First, there was the matter of whom to call. With the parochialism of the internal brainstorming team still fresh in his mind, Crary decided he should go up the decision ladder at HP. He wanted someone who held a big portfolio and therefore a broad view. Reasoning that Lear was a good-sized account for HP in the auto industry (all those PCs), Crary sought a manager with P&L responsibility for the entire auto industry. A manager whose P&L ended with the Atlanta data center, or with Lear, might not see the big picture. After asking around, Crary’s direct reports soon learned that a regional vice president for solutions, based in Chicago, fit the bill.
Crary wanted to deal with this vice president in person. “I knew it was going to be very touchy. By doing it face-to-face, I’d be able to read the situation and react very quickly,” he says. Rather than flying to Chicago, however, Crary asked to meet the regional VP at the Atlanta data center. “I wanted to get in front of the [HP] people who had done the work,” Crary says. “I didn’t want them to get defensive, to think they’d ’lost’ Lear. I wanted to get across the point that it wasn’t a matter of their work. It was excellent service. It just wasn’t for me.”
Crary played it straight at the meeting, simply explaining that he was losing money and wanted out of the contract early. The response from HP’s regional vice president was gratifying. “That makes all the sense in the world,” he told Crary. “We don’t want to lose money, but we don’t want an unhappy customer.” Crary happily paid HP the $125,000 that it cost to move Lear’s data out, and the outsourcing deal was ended.
Four months later, Lear’s new Dearborn data center was up and running. Crary had to spend another $200,000 in preparation costs (most of it for the generator), which left him with $575,000 in savings for the year.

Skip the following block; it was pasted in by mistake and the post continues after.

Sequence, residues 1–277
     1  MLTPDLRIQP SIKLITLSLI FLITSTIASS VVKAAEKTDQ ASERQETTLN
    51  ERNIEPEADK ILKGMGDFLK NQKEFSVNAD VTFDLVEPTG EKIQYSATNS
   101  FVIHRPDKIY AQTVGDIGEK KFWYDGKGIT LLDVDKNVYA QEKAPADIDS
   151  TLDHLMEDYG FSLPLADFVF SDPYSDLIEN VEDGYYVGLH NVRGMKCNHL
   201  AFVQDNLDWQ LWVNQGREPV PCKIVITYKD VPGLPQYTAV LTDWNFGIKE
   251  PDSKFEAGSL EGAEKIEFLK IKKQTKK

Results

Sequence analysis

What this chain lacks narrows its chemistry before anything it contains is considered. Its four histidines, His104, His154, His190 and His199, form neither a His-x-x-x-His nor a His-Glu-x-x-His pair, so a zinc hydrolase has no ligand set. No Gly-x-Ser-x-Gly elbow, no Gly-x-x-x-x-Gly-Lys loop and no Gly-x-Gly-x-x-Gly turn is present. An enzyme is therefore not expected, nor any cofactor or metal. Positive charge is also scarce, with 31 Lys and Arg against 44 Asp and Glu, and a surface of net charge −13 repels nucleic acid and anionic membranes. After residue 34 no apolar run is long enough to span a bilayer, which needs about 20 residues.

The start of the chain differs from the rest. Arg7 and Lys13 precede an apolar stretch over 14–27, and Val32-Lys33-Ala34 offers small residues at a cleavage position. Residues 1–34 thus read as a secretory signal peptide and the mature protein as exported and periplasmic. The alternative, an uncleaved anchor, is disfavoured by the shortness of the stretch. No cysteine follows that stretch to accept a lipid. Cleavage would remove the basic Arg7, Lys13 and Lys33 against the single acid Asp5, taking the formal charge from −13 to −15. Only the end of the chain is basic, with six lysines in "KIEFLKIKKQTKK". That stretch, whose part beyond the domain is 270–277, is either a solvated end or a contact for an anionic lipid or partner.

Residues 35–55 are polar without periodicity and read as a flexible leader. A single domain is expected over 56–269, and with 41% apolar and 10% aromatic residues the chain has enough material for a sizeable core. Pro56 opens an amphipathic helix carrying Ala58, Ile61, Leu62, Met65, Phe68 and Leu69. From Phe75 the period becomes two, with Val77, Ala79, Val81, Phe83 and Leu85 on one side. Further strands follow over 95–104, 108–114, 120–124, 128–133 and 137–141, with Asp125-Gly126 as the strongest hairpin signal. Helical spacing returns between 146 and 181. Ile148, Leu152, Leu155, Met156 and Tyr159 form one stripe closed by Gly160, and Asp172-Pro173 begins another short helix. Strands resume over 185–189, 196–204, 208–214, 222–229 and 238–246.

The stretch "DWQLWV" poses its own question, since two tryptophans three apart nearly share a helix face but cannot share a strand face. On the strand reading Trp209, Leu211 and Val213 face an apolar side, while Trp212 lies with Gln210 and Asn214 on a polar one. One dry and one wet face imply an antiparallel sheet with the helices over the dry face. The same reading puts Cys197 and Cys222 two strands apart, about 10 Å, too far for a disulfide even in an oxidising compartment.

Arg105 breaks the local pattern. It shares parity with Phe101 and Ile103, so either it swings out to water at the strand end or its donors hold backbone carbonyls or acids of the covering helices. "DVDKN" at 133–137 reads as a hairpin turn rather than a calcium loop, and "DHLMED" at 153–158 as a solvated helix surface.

Lear IT staffers were delighted with the change. “It gave them control. They got their data center back. It was an unexpected morale boost,” Crary says. The in-house data center also made trouble-shooting easier. But the primary benefit was the lower cost. “It was all about saving money,” Crary says. Because of the recession, “the environment is more strenuous today.”
For his part, Crary was delighted with HP. “The way [the negotiation] turned out was extremely positive,” he says. “Had it not been, would I have had a negative thought about [HP]? In all honesty, probably.” Instead, Crary continued sending the bulk of his hardware and services needs to HP, including all of Lear’s data center gear. “I came away thinking that these are first-class people. It probably caused them some pain [to break the contract], but they truly had the right focus: on the customer,” Crary says.
Crary took away two lessons from the experience. The first is to scrutinize outsourcing contracts. “You have to be careful what you get into,” he says. Although HP obliged Crary’s request to break the contract, there was no guarantee that it would do so. The success of the negotiation leads to Crary’s second lesson: the importance of personal dealings. By appealing to an individual rather than to the letter of the contract, Crary was able to arrive at a resolution that was a good deal for both parties.